Corrected: An earlier version of this story misspelled the names of Krishna Bhandari and Dhan Tamang.
For weeks, Alicia Araje-Van Dyk, a multilingual liaison in the Burlington, Vt., schools, has juggled late-night check-ins and predawn wakeup calls.
There are the 1 a.m. calls with Swahili-speaking parents—many of them fresh off 4 p.m. to midnight shifts as essential workers—struggling to use internet hot spots and access online classes for their children in English, a language they barely understand.
Hours later, Van Dyk is often back at it again, stirring pre-teens and teenagers out of bed for their morning classes with early morning texts and phone calls.
During the day, she fields calls from teachers concerned about students who are not logging into class, tracks down tutors for those who are, and counsels her caseload of 43 African refugee families on how they can curb the spread of the novel coronavirus.
“This has been a difficult time,” said Van Dyk, a Burundian refugee who has worked for the school system since 2013. “I cannot imagine the adjustment for families who are new to this country.”
Distance learning has posed a significant challenge for families who are not fluent in English and the teachers who educate them and will continue to be in the months ahead.
Nearly 5 million U.S. schoolchildren are classified as English-language learners and millions more come from homes where their parents speak a different language: About 1 in 4 children, roughly 18 million, in the nation’s K-12 schools live with immigrant parents.
As they struggle to keep instruction going for this vulnerable group of students, school districts around the country are leaning heavily on multilingual staff—employees that have become more of a necessity than a luxury during the nation’s widespread school closures—to connect with these English-learner and immigrant families.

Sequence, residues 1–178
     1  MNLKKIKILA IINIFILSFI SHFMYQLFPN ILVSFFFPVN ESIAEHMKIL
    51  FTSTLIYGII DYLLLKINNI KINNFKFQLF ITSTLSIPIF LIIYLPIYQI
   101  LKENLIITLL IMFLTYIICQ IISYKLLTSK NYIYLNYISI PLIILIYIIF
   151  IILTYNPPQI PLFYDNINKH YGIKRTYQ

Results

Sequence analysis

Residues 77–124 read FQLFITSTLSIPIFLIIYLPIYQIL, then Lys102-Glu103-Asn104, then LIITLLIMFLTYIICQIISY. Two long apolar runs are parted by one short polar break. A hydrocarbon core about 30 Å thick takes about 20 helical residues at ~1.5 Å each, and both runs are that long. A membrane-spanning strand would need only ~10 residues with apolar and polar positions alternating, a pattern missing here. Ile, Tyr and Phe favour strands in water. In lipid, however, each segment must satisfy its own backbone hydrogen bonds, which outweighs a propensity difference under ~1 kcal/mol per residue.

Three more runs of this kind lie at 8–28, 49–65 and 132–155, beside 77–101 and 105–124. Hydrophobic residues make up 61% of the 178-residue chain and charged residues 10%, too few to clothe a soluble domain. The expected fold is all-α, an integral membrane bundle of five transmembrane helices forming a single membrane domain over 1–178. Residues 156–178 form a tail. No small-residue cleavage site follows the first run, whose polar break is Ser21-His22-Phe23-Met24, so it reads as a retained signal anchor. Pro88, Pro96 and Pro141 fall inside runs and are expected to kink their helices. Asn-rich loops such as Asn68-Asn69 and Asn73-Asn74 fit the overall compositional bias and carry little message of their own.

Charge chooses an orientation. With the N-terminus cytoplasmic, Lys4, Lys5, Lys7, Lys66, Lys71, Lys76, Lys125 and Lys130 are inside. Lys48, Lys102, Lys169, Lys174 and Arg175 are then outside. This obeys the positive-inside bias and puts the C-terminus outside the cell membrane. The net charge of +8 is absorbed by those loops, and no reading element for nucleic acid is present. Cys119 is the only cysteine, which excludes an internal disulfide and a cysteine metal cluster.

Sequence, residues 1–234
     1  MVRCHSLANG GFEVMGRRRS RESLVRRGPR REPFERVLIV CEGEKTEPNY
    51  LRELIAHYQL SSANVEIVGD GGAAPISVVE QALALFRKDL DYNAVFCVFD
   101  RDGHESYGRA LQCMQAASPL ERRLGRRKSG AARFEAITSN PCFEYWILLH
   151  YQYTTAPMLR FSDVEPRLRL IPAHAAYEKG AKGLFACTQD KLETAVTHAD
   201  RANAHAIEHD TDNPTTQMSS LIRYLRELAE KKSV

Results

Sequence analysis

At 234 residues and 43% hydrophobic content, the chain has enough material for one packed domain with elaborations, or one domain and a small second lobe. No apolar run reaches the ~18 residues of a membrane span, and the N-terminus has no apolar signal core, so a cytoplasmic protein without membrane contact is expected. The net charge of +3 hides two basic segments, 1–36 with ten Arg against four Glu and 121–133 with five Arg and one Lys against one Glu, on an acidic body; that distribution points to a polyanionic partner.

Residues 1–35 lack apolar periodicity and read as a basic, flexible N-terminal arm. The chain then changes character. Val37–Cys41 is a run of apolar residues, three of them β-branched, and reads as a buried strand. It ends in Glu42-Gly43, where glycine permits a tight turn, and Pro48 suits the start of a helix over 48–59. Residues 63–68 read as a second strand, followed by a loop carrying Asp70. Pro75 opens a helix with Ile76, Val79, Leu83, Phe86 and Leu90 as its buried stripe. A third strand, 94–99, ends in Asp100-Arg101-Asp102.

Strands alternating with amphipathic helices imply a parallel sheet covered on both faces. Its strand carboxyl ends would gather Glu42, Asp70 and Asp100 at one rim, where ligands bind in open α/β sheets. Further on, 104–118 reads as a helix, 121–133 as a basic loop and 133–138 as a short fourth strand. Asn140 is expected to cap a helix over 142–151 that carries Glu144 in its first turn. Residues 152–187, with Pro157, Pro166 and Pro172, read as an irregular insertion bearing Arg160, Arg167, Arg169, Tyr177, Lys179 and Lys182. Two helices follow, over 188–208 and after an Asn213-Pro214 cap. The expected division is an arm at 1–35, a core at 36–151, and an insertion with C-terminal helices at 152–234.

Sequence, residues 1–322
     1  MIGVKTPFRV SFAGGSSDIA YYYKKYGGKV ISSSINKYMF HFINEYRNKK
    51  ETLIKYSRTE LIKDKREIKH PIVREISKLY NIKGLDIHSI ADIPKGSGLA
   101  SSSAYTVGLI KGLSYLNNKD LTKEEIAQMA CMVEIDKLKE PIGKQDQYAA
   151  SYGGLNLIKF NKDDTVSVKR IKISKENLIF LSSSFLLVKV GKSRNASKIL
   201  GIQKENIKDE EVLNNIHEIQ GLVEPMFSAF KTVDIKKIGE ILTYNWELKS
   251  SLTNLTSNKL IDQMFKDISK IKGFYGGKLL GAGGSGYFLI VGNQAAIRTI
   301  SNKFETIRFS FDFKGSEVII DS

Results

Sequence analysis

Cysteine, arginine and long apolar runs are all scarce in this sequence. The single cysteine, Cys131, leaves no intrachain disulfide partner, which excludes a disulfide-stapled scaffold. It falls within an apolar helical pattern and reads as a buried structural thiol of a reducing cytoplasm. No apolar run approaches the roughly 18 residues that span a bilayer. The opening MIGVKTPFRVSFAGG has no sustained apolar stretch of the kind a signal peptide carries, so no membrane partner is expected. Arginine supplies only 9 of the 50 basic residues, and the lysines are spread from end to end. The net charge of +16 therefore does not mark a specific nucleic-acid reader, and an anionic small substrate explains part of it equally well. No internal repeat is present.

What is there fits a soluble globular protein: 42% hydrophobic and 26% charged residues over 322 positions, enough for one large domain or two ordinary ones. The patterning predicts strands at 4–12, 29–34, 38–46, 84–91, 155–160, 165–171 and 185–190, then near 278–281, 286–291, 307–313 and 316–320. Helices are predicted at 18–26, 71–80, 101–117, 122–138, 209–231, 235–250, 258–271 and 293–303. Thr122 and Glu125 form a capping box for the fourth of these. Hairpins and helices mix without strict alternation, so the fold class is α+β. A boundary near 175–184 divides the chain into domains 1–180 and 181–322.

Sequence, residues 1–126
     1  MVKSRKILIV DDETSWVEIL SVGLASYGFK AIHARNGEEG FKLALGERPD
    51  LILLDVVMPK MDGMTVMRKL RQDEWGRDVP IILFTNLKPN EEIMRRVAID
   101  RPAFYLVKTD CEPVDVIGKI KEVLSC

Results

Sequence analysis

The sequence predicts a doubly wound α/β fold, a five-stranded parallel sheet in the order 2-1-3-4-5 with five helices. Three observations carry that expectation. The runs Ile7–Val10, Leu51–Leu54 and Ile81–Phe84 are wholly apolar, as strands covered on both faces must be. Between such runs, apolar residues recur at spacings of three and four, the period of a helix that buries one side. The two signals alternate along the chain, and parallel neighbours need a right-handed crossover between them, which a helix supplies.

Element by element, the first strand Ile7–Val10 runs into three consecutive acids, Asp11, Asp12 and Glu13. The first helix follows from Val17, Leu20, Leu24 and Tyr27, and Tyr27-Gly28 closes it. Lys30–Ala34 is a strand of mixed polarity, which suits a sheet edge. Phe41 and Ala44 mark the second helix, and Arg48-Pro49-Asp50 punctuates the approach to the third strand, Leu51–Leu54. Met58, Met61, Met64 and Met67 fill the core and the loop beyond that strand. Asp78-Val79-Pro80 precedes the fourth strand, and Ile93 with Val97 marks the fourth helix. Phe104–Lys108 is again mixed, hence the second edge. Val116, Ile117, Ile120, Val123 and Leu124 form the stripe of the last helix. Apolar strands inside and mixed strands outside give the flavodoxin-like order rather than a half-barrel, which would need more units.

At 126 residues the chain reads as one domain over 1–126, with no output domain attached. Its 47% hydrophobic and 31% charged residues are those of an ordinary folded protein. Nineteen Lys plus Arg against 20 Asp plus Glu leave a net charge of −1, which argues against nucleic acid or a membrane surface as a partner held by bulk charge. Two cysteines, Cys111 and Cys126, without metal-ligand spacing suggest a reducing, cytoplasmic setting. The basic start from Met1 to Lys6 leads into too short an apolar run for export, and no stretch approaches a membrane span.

The stakes are high: Among advocates and researchers, there is concern that the extended school closures happening across the nation could exacerbate the struggles of a student population that already faces a high risk of experiencing homelessness, hunger, and academic struggle.
“As [schools] pivoted to virtual or online education, it really [showed] in very concrete ways the impact of language barriers and what their consequences are,” said Gabriela Uro, the director for English-language-learner policy and a researcher for the Council of the Great City Schools, an organization of the nation’s largest urban school systems.
Van Dyk is among 11 members of the Burlington school system’s multilingual team who have abandoned their 9-to-5 schedules to work round-the-clock to help non-English-speaking families navigate everything from computers to American culture.
Before online instruction began, the liaisons reached out to determine if families had access to technology, food, and support from social service agencies. They’re also dispatched to soccer fields to break up pick-up games that violate social distancing guidelines.
For some staff, especially those who are immigrants or refugees themselves, helping parents understand the nuances of the U.S. education system can be difficult, because they did not attend schools here either. They’re serving as navigators and cultural connectors in places they do not fully understand themselves.
“The [families] need someone to guide them through all this stuff because of the language, because of the culture,” said Ahmed Jasim, an Iraqi immigrant who works for the Portland, Maine, schools as a parent community specialist for Arabic-speaking students and families. “But sometimes we get lost honestly.”
Schools had trouble connecting with English-learner families long before the coronavirus shut schools.
Federal studies have shown that English-learner families are far less likely to serve on school committees, attend parent-teacher conferences, or go to school or class events, all important opportunities to communicate about students’ academic progress.
“Parents are feeling overwhelmed,” said Celina Moreno, the president and CEO of the Intercultural Development Research Association, a nonprofit focused on ensuring equal educational opportunity. “Without family engagement, all the educational gaps are widening.”